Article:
Produced by Award winning documentary film maker, Jeff Dupre and Show of Force, this powerful film captures 50 years of Amnesty International's work.
Written by London lawyer Peter Benenson, The Forgotten Prisoners called for an international campaign for the release of thousands of people who had been jailed because of their political or religious beliefs. They were given the name ‘prisoners of conscience.’That call for justice a half decade ago was the birth of Amnesty International, a human rights group which has since grown into a global organisation with over three million supporters in 150 countries. In recognition of our human rights campaigning, in 1977 we were awarded the Nobel Peace Prize.
Peter Benenson said that the impetus for The Forgotten Prisoners was a newspaper article he read about two students jailed for seven years in dictator Antonio Salazar’s Portugal simply for raising their glasses and toasting freedom. At the time he said he wanted to “mobilise world opinion” about the human rights abuses being committed by governments around the world against those citizens whose opinions differed to theirs.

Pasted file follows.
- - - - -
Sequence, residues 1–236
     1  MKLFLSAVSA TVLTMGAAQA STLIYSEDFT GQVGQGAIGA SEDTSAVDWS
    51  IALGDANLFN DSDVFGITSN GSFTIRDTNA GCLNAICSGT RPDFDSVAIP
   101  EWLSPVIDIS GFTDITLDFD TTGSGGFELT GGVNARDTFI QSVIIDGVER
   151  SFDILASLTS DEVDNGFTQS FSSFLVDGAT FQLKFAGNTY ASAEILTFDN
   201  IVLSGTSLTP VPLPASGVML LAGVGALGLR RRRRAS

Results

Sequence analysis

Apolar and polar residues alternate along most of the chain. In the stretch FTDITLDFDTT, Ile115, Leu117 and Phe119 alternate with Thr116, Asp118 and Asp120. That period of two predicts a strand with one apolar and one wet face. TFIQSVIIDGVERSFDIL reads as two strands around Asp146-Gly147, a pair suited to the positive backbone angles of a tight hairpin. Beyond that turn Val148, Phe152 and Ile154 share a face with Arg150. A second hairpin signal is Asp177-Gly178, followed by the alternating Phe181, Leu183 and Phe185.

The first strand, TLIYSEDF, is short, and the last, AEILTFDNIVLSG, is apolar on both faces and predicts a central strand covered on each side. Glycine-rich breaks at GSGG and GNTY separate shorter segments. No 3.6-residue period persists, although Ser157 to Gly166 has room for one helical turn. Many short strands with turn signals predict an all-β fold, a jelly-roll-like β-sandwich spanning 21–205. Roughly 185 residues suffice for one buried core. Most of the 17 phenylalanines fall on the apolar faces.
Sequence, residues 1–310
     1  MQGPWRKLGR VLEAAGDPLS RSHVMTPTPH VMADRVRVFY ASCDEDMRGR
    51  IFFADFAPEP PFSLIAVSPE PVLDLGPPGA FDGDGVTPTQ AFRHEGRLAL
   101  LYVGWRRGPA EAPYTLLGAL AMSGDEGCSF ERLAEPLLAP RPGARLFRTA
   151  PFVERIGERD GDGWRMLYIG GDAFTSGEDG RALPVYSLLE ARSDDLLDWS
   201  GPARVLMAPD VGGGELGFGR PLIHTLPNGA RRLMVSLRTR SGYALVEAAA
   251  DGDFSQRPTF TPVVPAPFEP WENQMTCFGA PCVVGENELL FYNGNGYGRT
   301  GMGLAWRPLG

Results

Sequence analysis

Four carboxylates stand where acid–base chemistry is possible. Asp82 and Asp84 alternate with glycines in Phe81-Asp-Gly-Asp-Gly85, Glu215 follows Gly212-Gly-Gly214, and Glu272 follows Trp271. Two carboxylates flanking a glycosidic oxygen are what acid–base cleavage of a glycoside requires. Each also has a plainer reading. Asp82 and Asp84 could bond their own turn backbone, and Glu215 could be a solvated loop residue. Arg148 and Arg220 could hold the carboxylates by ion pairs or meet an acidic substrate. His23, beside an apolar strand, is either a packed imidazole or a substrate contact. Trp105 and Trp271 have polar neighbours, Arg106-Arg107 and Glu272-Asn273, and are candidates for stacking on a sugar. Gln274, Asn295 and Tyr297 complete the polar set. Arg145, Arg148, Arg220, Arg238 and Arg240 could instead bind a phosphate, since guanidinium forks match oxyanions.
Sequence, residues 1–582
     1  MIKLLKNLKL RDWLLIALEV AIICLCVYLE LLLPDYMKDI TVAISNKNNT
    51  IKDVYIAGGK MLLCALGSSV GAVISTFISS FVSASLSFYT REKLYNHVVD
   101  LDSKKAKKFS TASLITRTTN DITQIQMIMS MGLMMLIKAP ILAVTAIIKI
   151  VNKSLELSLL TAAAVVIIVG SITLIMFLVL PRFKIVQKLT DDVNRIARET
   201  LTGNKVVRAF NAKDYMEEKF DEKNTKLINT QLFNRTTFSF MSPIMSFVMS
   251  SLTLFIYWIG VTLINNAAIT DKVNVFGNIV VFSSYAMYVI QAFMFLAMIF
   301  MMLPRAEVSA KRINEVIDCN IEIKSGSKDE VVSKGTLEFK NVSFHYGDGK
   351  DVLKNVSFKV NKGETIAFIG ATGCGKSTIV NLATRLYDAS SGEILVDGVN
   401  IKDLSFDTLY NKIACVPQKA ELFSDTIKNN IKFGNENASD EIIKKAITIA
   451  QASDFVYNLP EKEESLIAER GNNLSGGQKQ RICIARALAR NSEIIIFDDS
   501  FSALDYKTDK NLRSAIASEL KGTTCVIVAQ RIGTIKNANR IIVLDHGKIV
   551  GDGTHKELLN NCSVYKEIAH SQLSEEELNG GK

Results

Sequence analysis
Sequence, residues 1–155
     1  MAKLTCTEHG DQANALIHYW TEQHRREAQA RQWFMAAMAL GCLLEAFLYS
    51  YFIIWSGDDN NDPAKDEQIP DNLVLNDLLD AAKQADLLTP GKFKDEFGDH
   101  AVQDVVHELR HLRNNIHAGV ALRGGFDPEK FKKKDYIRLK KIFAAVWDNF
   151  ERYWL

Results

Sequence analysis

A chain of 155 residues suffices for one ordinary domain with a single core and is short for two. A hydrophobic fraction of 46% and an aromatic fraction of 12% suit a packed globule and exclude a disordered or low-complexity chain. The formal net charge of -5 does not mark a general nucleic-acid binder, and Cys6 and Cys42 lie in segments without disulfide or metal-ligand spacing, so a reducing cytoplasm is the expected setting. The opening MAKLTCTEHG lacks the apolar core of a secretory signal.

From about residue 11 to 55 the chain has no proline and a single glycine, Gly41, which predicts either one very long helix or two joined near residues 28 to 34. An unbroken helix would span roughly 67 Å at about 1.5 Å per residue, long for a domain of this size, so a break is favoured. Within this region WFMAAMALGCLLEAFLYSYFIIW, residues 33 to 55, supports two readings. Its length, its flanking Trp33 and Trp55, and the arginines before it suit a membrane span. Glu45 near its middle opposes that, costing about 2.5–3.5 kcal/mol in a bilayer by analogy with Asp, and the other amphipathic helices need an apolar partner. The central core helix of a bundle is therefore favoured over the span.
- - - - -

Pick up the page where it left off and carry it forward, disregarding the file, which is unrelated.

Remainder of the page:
Amnesty International at 50: Global call to action aims to tip scales against repression and injusticeAmnesty International is marking its 50th anniversary with the launch of a Global Call to Action designed to help tip the scales against repression and injustice, with events held in almost 60 countries in every region of the world.
The anniversary comes against the backdrop of a changing human rights landscape, as people across the Middle East and North Africa courageously confront oppression, tyranny and corruption – often in the face of bloodshed and state violence.
With these protests dramatically demonstrating the need for international solidarity on human rights, Amnesty International’s new Global Call to Action includes a digital “Earth Candle” – a significant online breakthrough that allows activists for the first time to see an overview of the organization’s worldwide actions, and how their own actions add to this force for change.
This is accompanied by a new drive – “Be one more, ask one more, act once more” – that aims to achieve a huge collective impact worldwide. It urges everyone – including Amnesty International’s three million members and supporters in more than 150 countries and territories – to encourage at least one other person to take action for human rights.
The launch of the global initiative will see, dozens of countries from Argentina to Ghana to Turkey to New Zealand holding a symbolic toast to freedom. This global event pays tribute to the tale of two Portuguese students imprisoned for raising their glasses to liberty – an injustice that so outraged British lawyer Peter Benenson that he launched Amnesty International on 28 May 1961.
“Since the Amnesty International candle first shone a light on the world’s hellholes, there has been a human rights revolution. The call for freedom, justice and dignity has moved from the margins and is now a truly global demand,” said Salil Shetty, Amnesty International Secretary General.